Sunday, 27 July 2014

Nurse turnover is costly and inconvenient

Roger Watson, Editor-in-Chief

Christine Duffield
An Australian team led by Christine Duffield from the University of Technology, Sydney has published a study titled 'A comparative review of nurse turnover rates and costs across countries' in JAN.

Nurse turnover is expensive for health services in terms of both a loss of investment and the costs involved in hiring and investing new staff. It can also represent staff dissatisfaction with their workplace. High turnover and the subsequent vacancies and the need to integrate new staff can lead to further dissatisfaction.

The study by Duffield et al. (2014) is a review of the evidence on turnover from Canada, New Zealand, USA and Australia. The study recognises the variability in reporting turnover across the world and, from my own work in the area, I know that there are different definitions of turnover. Therefore, the study included only studies using a method called the Nursing Turnover Cost Calculation Methodology. Four papers were reviewed and they showed that Australia had the lowest turnover rates whereas New Zealand had the highest. What contributed towards costs differed across countries. In their own words the authors concluded that there is a: 'need for a minimum dataset to define and measure turnover across departments, hospitals, states and countries. In addition, a greater focus on nurse retention is suggested as findings indicate that a significant proportion of turnover costs are attributed to temporary replacement.'


Duffield C, Roche M, Homer C, Buchan J, Dimitrelis S (2014) A comparative review of nurse turnover rates and costs across countries Journal of Advanced Nursing doi: 10.1111/jan.12483

Monday, 21 July 2014

Personality and pregnancy

Roger Watson, Editor-in-Chief

There has been considerable interest in the relationship between issues related to childbirth and personality, much of it published in JAN (Brown 2014, Kenney & Bhattacharjee 2000, Wiklund et al. 2009) in recent years. This trend continues and a paper by Harville et al. (2014) titled 'Personality and adolescent pregnancy outcomes' investigates how personality factors measured using the ‘Big Five’ NEO-FFI personality inventory and published in JAN reports the following results (in the authors’ own words):
"Agreeableness and intellect/imagination were associated with a reduced likelihood of becoming pregnant as an adolescent, while neuroticism, conscientiousness and extraversion were all associated with an increased likelihood of becoming pregnant. Higher neuroticism was associated with lower birth weight and gestational age among Black girls, but not non-Black. Conscientiousness was associated with lower gestational age among non-Black girls. No relationships were found with extraversion or agreeableness and birth outcomes. Receiving late or no prenatal care was associated with higher intellect/imagination."


Brown A (2014) Maternal trait personality andbreastfeeding duration: the importance of confidence and social support Journal of Advanced Nursing 70, 587–598

Harville EW, Spriggs Madkour A, Xie Y (2014) Personality and adolescent pregnancy outcomes Journal of Advanced Nursing doi: 10.1111/jan.12481

Kenney JW, Bhattacharjee A (2000) Interactivemodel of women’s stressors, personality traits and health problems Journal of Advanced Nursing 32, 249–258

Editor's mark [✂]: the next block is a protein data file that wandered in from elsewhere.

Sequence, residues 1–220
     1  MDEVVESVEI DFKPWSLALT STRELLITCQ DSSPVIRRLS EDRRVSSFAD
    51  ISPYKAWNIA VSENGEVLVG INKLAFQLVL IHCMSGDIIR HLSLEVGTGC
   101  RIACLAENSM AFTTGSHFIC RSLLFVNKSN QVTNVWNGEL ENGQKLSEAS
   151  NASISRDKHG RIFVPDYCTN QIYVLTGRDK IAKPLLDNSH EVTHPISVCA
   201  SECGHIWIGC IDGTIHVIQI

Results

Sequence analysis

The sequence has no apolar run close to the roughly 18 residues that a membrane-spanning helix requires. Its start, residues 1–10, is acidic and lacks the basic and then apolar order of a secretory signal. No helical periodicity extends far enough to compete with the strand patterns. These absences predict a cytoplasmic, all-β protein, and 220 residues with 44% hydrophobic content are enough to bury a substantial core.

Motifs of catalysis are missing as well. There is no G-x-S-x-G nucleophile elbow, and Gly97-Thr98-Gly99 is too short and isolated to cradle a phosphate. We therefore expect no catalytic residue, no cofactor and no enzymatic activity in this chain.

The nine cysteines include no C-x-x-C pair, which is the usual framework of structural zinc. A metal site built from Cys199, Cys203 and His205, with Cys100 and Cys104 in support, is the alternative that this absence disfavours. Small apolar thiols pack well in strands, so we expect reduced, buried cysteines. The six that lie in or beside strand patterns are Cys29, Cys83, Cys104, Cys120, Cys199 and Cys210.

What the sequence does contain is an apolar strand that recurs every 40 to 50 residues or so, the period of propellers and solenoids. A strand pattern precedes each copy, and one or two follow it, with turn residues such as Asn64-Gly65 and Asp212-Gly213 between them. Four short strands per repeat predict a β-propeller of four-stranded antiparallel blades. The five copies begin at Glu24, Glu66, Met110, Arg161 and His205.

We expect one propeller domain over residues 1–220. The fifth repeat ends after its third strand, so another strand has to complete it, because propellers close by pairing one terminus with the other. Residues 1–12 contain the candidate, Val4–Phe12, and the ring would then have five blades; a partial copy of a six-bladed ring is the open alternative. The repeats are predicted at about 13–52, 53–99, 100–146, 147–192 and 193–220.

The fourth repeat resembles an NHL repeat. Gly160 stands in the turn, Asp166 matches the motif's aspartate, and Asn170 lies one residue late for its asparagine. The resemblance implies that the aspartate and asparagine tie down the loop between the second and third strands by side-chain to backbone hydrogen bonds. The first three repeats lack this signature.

Wiklund I, Edman G, Larsson C, Andolf E, (2009) First-time mothers and changes in personality in relation to mode ofdelivery Journal of Advanced Nursing 65, 1636–1644

Thursday, 17 July 2014

JAN now uses Altmetrics

Roger Watson, Editor-in-Chief

I’m pleased to let you know that JAN now uses Altmetric, a service which measures the impact of journal articles in traditional and social media. On Wiley Online Library, you will now see an Altmetric score for each article, and clicking on this opens up a display showing how the score breaks down.

This is a great new development on Wiley Online Library and will help authors and readers join in online conversations about articles. Authors and readers can also opt to be alerted each time there is an online mention of a particular article.

See this article on the Wiley Exchanges blog which explains:
Alternative metrics or ‘altmetrics’ track data derived from online activity and discussions about individual scholarly papers, from social media sources (Twitter, Facebook, blogs, etc), the mainstream media (newspapers and magazines), online reference managers such as Mendeley and CiteULike, to public policy documents (such as those published on health and climate change).
Altmetric monitors these sources for mentions of scholarly articles published in Wiley journals and reports back at the article level. Articles will display a score indicating the quality and quantity of attention that the article has received. This score is based on three main factors: the number of individuals mentioning a paper, where the mentions occurred, and how often the author of each mention talks about the article. Users clicking on the Altmetric ‘badge’on Wiley Online Library will reach a data page displaying the score and the detail behind it, for that article.

Are you using the JAN app?

Roger Watson, Editor-in-Chief

Have you seen the JAN app?

The JAN app is available on iTunes and allows you easy access to the contents of JAN on your iPad and iPhone.

Here are the facts:
  • launched in March 2014 
  • 1835 downloads to date 
  • in June 2014 there were 168 new users 
  • on average, users look at 8.4 pages per session
  • the average session duration is 04:04 minutes